Social Media Innovation – Spring 2017

MIS 3538.001 – Prof. Kimberly Jaindl

Social Media as a Management Information Systems Challenge—and Opportunity

This week we continued exploring the intersection of social media, content and data. Our LinkedIn guest speaker emphasized how important data is to the company’s vision. For more on that vision and what LinkedIn is doing to develop the Economic Graph, hear from LinkedIn CEO Jeff Weiner:

We also explored why the proliferation of content and data presents a unique Management Information Systems challenge—and how four companies have turned that challenge into an opportunity through Marketing Cloud offerings.

From among the Big Four Marketing Cloud providers, Adobe is currently recognized as the leader of the pack. Here’s the extended video we watched in class:

You can see more on Adobe’s Summit On-Demand page, with videos highlighting how companies such as T-Mobile and National Geographic have embraced the idea of delivering experiences that are:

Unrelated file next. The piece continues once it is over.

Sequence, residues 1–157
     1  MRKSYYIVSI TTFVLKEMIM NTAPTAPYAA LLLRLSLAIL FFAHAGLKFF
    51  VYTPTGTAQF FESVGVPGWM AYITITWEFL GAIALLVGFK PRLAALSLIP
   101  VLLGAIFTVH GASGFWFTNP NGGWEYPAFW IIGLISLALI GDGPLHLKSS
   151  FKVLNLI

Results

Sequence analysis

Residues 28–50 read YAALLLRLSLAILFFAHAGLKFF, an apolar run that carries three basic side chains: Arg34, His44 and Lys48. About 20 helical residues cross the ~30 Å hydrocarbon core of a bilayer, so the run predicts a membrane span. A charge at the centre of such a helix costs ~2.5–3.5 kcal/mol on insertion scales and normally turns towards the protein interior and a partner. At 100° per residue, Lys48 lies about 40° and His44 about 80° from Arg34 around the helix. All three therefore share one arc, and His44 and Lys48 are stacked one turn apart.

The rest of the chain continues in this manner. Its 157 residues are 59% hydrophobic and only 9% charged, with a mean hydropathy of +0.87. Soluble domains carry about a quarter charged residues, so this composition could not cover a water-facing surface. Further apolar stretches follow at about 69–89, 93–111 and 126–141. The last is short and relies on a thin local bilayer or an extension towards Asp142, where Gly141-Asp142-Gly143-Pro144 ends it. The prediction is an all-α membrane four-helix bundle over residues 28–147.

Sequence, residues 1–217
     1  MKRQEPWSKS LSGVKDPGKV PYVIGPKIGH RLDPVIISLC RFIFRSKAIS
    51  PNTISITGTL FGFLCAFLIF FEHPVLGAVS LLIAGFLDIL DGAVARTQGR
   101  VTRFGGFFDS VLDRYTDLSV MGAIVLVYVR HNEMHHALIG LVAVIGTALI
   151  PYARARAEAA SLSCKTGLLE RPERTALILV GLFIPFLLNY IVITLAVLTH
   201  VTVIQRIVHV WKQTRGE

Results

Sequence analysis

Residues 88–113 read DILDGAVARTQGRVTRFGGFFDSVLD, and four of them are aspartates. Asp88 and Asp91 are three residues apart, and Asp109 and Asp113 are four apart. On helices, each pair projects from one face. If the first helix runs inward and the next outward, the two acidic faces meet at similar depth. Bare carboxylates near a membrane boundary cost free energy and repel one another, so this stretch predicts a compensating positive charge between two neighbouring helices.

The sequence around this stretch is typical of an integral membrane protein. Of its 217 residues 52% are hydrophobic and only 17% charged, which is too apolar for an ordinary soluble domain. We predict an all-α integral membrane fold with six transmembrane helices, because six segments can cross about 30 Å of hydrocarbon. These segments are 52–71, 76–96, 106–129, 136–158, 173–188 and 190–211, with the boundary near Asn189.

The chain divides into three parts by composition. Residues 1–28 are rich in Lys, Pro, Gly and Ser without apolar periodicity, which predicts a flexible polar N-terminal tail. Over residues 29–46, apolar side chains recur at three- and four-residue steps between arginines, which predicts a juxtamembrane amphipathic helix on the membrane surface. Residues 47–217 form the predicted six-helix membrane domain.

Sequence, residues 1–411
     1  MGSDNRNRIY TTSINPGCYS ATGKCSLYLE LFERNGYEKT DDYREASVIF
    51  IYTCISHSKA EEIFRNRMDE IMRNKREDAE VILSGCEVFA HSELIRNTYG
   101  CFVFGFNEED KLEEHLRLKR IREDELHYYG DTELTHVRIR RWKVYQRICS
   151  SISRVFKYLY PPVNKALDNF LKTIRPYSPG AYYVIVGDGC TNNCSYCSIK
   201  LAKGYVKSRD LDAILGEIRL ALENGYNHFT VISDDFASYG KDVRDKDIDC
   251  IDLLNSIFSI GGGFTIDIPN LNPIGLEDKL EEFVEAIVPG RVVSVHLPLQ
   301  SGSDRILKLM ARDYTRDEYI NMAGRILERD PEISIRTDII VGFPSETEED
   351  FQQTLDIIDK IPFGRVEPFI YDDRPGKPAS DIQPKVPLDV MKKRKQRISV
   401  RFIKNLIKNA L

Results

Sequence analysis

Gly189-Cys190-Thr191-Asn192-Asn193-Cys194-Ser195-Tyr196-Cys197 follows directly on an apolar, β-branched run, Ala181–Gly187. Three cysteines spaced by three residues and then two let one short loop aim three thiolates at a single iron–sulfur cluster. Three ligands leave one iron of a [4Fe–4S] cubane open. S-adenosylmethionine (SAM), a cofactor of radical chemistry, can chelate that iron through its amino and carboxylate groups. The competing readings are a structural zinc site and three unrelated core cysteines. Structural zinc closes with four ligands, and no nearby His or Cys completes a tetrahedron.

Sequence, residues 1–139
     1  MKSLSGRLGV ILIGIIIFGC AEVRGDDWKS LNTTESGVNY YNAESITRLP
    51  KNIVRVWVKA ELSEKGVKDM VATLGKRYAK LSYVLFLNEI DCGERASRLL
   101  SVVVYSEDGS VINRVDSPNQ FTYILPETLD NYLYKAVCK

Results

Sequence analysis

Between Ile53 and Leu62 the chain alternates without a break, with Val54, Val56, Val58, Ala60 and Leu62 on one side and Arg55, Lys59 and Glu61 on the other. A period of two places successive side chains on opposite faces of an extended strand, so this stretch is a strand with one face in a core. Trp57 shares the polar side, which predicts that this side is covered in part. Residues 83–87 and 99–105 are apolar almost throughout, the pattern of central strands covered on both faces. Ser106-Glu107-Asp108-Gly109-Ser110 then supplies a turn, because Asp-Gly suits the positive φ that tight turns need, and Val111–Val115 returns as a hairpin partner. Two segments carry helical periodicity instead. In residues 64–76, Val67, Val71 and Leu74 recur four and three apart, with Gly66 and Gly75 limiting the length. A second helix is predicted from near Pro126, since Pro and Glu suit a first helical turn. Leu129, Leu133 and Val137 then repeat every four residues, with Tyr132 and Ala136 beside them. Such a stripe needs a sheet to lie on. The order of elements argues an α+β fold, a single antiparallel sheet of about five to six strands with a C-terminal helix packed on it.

• Personal
  • Consistent
  • Elegant
  • Everywhere you are (Omnichannel!)

Technology Connecting Social Influencers and Marketers

On the heels of this week’s discussion about social media and influencer marketing, news broke that software company Adobe is testing out a new product built just for that purpose.

Called Fleek, this tool offers marketers a new way to recruit and manage video influencers for their campaigns. The advantage for brands, Adobe says, is that Fleek offers the ability to “engage directly” with influencers.

Google “Social Media Influencer Agency” and you’ll quickly understand why this is a likely a core element of the Fleek value proposition! PS: Can’t *not* think of this classic meme

Is YouTube the Social Influencer’s Dream Platform?

As discussed in our March 22 class, social media influencers appear to be favoring YouTube over Snapchat—in large part, because YouTube caters to its Creators.

YouTube has built an entire digital playbook for Creators, as well as a downloadable PDF for Brands. And that’s just for starters—there’s also a whole Academy and in-person studio workshops.

As with most of our previous discussions, successful Creators have one major thing in common: They create compelling content that resonates with their audiences. For example, the Casey Neistat video we teased in class…

Learn more about Casey’s success and his recent partnership with Samsung.

Facebook Awards Now Reflect Facebook Reactions

Remember our March 8 discussion about Facebook valuing reactions over likes, and why that’s important to brands? (Hint: Deeper audience insights… higher return on ad spend… and potentially new, innovative ad products)